Things That Stop Us Writing

Writing is a spiritual pursuit.

Not necessarily the type of writing I’ve done so far on this site – a lot of that cannot be described as spiritual. Much of that is “bloggy” stuff – lists, to-dos and how-tos. Necessary decoration for the halls of the internet, but shallow.

But, in general, writing is very personal. Every literate person is capable of it, but very few do it. Why?

We are scared of being judged

I have never understood why, but there is a sense of innate embarrassment when one shows their writing to someone else. The same can be said of a painter looking for feedback on her art. Yet when a sportsperson displays their skills for throngs of adoring fans, less of the same trepidation is present.

The dichotomy is strange, but distinctly present. We fear that our words, which have come from inside our heads and hearts, are not worthy. We fear the snide remarks or muffled giggles of others.

For many budding novelists, bloggers, authors and poets, this can estop a talent in its tracks.

We fear creative failure

This fear is understandable, because after all, without creativity, what is there in life? What fun is an existence of discipline, order and regiment? A spontaneous laugh, a moment of silliness, a play on words – this is the stuff of life. When writing tentatively, the thought of not succeeding in our own or others’ eyes is petrifying to the budding creative. It is that time when you’re discovering your own creativity that the world seems to fresh, new and exciting. The thought of being stopped in your tracks by failure, and the thought of losing this magical perspective on life, can prevent some acolytes from writing at all.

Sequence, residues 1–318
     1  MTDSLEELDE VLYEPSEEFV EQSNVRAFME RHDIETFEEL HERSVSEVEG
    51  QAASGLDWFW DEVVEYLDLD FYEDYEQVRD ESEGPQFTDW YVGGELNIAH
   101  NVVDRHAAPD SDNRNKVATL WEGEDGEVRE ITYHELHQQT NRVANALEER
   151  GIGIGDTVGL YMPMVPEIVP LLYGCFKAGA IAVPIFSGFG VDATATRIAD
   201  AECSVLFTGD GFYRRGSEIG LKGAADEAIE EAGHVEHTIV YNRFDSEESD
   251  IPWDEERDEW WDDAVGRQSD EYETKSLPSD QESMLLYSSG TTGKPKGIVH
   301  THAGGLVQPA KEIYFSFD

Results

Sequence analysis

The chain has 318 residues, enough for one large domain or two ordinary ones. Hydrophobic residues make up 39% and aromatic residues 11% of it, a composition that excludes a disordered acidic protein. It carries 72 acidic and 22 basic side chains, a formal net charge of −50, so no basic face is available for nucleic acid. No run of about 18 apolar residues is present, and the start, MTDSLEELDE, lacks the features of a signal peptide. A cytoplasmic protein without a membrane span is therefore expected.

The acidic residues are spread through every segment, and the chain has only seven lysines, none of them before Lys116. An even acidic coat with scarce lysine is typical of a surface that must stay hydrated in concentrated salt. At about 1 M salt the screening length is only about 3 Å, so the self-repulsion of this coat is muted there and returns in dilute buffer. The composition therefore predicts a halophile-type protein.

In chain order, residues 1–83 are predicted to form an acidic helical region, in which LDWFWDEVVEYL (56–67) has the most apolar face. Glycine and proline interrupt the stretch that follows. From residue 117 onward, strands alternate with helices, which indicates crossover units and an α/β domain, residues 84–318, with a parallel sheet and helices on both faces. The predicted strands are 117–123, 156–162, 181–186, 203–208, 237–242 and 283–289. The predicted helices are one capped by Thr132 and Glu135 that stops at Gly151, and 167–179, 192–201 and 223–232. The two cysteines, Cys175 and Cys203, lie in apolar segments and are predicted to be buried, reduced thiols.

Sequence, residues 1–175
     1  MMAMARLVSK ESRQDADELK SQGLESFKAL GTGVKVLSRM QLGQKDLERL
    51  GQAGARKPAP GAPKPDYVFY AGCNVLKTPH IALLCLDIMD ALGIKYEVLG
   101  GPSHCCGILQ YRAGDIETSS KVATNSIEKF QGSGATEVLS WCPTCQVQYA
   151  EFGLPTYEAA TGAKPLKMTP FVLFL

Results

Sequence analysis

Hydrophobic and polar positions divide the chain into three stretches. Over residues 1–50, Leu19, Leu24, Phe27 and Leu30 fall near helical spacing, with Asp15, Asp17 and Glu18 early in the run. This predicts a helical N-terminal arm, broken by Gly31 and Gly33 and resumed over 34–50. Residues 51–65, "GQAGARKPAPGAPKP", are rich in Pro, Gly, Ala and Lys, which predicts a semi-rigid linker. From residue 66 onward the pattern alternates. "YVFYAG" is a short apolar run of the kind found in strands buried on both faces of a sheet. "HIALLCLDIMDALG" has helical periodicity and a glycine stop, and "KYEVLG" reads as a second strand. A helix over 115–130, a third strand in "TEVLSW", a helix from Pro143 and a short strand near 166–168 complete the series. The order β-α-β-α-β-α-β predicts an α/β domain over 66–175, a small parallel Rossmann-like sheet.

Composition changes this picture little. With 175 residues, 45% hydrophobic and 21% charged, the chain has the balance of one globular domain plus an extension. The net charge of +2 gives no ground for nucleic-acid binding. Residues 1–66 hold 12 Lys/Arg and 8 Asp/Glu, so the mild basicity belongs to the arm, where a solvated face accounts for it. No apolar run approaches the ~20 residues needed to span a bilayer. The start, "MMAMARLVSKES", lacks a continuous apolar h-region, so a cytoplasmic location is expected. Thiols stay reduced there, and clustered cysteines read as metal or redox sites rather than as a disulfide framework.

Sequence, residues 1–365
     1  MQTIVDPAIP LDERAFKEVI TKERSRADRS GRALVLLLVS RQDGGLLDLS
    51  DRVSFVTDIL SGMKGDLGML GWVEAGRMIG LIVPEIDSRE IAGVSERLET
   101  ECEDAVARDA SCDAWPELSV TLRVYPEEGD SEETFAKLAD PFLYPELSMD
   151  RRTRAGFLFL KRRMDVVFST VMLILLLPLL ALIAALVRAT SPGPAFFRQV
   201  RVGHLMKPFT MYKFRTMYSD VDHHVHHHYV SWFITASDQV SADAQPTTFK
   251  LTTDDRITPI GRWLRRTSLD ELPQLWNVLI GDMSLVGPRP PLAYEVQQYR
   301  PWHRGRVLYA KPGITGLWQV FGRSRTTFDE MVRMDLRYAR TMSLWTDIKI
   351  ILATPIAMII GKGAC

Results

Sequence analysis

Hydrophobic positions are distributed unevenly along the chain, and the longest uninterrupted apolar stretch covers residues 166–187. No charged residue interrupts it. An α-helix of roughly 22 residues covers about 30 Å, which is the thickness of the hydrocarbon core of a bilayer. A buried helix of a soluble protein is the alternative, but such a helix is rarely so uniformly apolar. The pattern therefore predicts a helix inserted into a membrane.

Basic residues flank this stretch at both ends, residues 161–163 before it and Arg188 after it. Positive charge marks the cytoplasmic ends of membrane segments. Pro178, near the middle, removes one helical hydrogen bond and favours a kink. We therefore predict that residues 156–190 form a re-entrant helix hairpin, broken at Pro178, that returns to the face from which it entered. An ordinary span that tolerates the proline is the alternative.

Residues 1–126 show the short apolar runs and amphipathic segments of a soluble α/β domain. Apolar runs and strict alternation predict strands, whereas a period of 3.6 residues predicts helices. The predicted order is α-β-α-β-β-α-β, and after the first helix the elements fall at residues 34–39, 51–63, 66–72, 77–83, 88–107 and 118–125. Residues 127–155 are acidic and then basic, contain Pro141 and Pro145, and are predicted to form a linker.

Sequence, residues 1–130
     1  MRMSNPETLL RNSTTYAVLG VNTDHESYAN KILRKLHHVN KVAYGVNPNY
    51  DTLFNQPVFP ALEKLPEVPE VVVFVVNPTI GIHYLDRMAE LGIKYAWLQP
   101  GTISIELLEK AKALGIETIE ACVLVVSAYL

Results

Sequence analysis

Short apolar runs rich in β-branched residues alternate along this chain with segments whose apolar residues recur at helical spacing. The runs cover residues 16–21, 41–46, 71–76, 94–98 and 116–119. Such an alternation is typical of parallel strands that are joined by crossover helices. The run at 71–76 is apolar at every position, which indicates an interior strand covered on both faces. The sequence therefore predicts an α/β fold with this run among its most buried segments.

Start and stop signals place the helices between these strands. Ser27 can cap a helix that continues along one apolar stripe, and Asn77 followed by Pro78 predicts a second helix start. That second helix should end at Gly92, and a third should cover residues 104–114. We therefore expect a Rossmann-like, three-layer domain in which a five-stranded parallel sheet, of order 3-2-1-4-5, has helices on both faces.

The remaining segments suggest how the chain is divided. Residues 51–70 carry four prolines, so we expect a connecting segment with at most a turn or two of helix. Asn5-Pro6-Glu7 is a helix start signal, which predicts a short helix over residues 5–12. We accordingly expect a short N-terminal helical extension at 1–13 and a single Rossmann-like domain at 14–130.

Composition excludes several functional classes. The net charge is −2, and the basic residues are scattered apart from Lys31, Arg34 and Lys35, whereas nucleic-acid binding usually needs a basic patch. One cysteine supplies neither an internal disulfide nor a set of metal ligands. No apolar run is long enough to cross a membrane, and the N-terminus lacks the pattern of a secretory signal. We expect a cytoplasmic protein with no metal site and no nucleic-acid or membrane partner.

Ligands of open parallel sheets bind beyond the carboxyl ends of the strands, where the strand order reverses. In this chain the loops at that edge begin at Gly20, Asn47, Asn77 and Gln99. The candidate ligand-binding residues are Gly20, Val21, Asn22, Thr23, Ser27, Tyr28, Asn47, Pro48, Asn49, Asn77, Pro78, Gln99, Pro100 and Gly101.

We have had the creativity stamped out of us

High school, for me, took what innate creativity I have and bashed it against the wall until it was dead. In its place, I was gifted academic writing structure, made up of topic sentences, statements of written intention and linking phrases. In lieu of innovative combinations of words, I was eventually rewarded for my ability to write on predicable English topics predictably well. Until recently, I had not written creatively in years.

The high school system encourages structure, order and discipline at the expense of wild spontaneity and original thought. For many adults, the words that once flowed from the inner child are long forgotten; dead and buried.

We fear investing time in something for possibly no reward

If we are to write, we must do so for the sheer love of it. I have this blog, and I’d love to monetise it – mostly so I didn’t have to do anything else and could just write constantly. However, to have any success as any kind of writer, I believe it is important to throw yourself into it without thought of eventual financal reward. The only reward, at least at the beginning, should be personal. For me, a focus on SEO and traffic and monetisation really kills my creative instinct. As I mentioned, the how-tos and top-5s are important – but they aren’t the stuff of real passionate streams of words, tumbling onto a page.


Sometimes, writing is too close to home

Like I said before, writing is personal. Like a doctor who feels empathy for a patient, the writer can feel too much of their medium. Our attempts to keep the personal out of our writing, particularly when writing for a purpose, can be in vain. I believe writing of any kind is a wonderful form of therapy. Letting words tumble from you onto a page is a great catharsis. Forgetting yourself while you let the words flow is an almost out-of-body experience. I’ve heard the same said of artists when they paint. That absolute focus, and being one with your art, is a meditation.

It is up to each creative individual to reclaim their time, their inclination and their desire to write. A self-therapy and a healthy outlet, writing is as primal as speaking.

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